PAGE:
View Full Version : Negative storage

25-Mar-2008, 20:42
Hello all,
I keep my negatives in Print File archival preserves that are kept in Beseler folders, however I do keep the notes on the negatives in between the Print File sheets. The notes are printed on regular printer paper and placed in acid free sheet protectors. I wonder if this is the setting that is safe for negatives. I mean the paper - it might well be the source of contamination. I wonder how do you store your negatives and the notes relating to them,


26-Mar-2008, 07:34
I have preprinted 3x5 cards on which I write all of my exposure information at the time that I make an exposure (I work in 4x5 most of the time). I almost always make 2 exposures of the same scene, and process one, then decide if I want to process the other half differently - usually both sides end up being processed the same. I then make a contact print of my preferred negative - so I end up with: 2 negatives, one 3x5 card and one contact print. I put each of these four things in one of the pockets for a negative sheet to have everything together. For the images that I really like and end up spending appreciable time printing, I will put my printing notes on the back side of the 3x5 card, or on the back of the contact print.

Nacio Jan Brown
26-Mar-2008, 08:12
I prefer to keep negatives by themselves. I use the three-hole perforated file pages and keep them in archivaly safe cardboard binder/boxes I get from Light Impressions. These boxes aren't open at the edges the way regular binders are. Each box of negatives has a corresponding plastic binder/box of contact sheets. I keep notes on printing along with relevant proofs in archivaly safe envelopes, filed by roll and frame number. In my opinion negatives are a safer storage medium for images than anything digital. Certainly cheaper.

26-Mar-2008, 10:09
The best way to store film is in cold storage.

Sheet film used acetate base until about 2000; Kodak went to all Estar in 2000-01; don't know what the others have done, assume acetate base. Roll film has been on acetate base in one formulation or another since the turn of the 19th century; very early roll film (approx. 1889-1909) will/can be on nitrate base. All film, except Estar base (Mylar or polyester), should be kept in cold storage because the acetate base will fail starting at about age 45 depending on storage conditions and the details of manufacture; some acetate film is 90 years old and still only yellowed and curled. Early stages of deterioration are (1) curling and (2) yellowing, followed by (3) interlayer bubbles and (4) channeling. Unusable acetate film can be salvaged, but this is another story; don’t throw it out.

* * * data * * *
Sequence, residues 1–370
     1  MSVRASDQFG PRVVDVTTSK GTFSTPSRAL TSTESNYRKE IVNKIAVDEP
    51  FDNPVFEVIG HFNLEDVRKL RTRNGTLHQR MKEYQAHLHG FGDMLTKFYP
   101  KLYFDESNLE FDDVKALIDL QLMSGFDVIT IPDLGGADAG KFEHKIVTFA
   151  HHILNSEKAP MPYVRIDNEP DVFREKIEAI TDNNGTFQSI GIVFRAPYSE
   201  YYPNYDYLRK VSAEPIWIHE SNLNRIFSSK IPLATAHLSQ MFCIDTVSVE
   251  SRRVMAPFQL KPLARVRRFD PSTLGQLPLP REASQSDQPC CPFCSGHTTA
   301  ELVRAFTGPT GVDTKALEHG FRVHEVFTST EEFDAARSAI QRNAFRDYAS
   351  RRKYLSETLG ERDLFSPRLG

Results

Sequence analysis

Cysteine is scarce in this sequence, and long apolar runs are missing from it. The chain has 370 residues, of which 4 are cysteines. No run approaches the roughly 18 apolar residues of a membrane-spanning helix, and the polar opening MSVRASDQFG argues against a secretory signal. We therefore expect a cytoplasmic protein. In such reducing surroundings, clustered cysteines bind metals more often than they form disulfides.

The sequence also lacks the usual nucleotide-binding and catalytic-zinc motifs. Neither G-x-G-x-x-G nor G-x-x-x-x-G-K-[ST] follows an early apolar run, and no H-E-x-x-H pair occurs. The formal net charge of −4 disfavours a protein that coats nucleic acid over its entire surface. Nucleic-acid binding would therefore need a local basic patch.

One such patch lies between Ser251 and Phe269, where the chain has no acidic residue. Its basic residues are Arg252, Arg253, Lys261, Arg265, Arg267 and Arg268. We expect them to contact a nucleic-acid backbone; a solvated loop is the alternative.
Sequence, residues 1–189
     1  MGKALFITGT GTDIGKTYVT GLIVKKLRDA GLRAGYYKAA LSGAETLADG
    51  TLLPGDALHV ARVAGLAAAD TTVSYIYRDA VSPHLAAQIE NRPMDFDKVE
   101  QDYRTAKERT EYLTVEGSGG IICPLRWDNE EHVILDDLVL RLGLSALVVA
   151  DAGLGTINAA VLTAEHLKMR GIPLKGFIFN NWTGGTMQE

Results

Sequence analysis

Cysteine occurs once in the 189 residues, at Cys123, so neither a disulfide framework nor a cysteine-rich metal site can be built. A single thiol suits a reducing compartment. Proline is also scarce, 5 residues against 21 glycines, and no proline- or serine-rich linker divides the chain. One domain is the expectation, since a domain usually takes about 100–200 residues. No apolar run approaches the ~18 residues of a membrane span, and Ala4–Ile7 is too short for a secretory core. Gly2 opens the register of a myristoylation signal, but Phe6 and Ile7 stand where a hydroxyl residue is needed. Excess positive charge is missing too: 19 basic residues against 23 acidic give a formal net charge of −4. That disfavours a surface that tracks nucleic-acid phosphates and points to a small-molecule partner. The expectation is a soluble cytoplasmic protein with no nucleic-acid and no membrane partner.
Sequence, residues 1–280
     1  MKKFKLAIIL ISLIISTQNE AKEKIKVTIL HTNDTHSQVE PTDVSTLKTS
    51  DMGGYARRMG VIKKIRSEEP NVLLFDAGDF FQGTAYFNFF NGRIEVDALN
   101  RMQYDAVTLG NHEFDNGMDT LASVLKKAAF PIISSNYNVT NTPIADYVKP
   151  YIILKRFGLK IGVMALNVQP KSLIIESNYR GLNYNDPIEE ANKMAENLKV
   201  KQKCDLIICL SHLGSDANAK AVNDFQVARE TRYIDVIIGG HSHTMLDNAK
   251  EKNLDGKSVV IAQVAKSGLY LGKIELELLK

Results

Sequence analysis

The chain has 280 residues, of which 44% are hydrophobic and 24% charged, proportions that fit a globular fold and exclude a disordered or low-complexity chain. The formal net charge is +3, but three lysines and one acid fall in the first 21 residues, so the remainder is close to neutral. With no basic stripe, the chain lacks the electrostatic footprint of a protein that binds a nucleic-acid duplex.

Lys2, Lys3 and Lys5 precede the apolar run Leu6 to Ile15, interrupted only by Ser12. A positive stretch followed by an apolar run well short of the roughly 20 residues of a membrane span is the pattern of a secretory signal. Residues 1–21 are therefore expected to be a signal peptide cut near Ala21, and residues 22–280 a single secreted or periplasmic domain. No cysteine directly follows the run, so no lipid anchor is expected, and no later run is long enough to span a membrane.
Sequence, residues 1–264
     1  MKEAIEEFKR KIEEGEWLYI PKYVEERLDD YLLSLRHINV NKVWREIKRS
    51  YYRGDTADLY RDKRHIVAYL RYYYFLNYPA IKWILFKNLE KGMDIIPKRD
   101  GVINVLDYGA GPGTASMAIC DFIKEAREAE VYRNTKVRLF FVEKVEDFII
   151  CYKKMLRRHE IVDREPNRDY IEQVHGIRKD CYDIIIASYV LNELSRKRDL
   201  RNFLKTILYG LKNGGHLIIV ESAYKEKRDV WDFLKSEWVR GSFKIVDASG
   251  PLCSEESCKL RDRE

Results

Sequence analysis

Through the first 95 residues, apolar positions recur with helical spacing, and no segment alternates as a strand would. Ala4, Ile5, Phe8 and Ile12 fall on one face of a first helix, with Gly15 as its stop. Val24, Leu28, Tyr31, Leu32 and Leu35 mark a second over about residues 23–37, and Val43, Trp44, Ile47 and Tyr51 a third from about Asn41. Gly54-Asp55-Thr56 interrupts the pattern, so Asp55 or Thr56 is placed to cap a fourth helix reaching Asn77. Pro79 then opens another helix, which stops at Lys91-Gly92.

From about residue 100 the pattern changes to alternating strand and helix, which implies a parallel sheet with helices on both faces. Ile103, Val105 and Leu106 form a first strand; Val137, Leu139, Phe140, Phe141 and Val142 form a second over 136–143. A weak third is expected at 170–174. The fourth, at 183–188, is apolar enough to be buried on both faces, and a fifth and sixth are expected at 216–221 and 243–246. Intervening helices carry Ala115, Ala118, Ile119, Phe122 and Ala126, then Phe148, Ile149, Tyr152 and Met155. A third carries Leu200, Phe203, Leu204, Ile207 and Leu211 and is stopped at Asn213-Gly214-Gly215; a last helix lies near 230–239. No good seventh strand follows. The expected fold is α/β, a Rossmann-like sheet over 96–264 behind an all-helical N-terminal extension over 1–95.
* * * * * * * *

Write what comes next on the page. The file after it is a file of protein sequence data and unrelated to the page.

Polyethylene page protectors are the first level of good storage. Eliminating the sources of acidity is another, although cellulose acetate (film base) generates its own weak acid, acetic acid (Vinegar Syndrome), as it ages. Lowering the temperature slows chemical deterioration (VS), including color dye (dark) fading. See IPI’s publications on Acetate base and Color Dye fading <http://www.imagepermanenceinstitute.org/shtml_sub/cat_pubs.asp> and A-D Strips for accessing the current stage of Vinegar Syndrome in your acetate film collection <http://www.imagepermanenceinstitute.org/shtml_sub/cat_adstrips.asp>.
Some say that including paper (cellulose) in the package acts as absorbent to scavenge the acetic acid evolved by the degrading film. If this is the case, and many suggest that it is, changing the paper every 5-10 years to remove the absorbed acidity is an excellent practice.

Developing an imagebase of thumbnail images and printing information, backed up on two other HDDs, is the recommended method. The information database would be the proper place for information such as (a) printing details and (b) package number in your freezer. Remember index cards can be scanned and images used as information. Scanning negatives in their page protectors for both their image information (transmitted scan) and index cards (reflective scan) is acceptable for making an imagebase and database. The imagebase is not intended to be a digital printing image, just a record so that the original can be located in your files or in cold storage freezer as quickly as possible.

The company Metal Edge Inc. <http://www.metaledgeinc.com/Products.tpl?cart=119264884591711&id1=21&id2=48&startat=1&--woSECTIONSdatarq=48&--SECTIONSword=ww&ran=32> sells “freezer kits.” Sealed bags with good quality cellulose inside is critical, as is a warm-up period before the sealed bags are reopened. An essay on cold storage can be found at <http://videopreservation.stanford.edu/trad_mig/storage_videotape.html> top of the page [by me, sorry]. Sears and other appliance distributors sell 2-4 cu. ft. box freezers for about $200.

Good luck!

Tim Vitale
Paper, Photographs &
Electronic Media Conservator
Film (still) Migration to Digital Format
Digital Imaging & Facsimiles
Preservation & Imaging Consulting
Preservation Associates
1500 Park Avenue
Suite 132
Emeryville, CA 94608

510-594-8799 fax
tjvitale@ix.netcom.com http://briefcase.yahoo.com/tvitale@pacbell.net
[Use of the above URL may require a "Yahoo! ID" to download files.]

Albumen website, 2000 <http://albumen.stanford.edu/>
NEW: VideoPreservation Website <http://videopreservation.stanford.edu>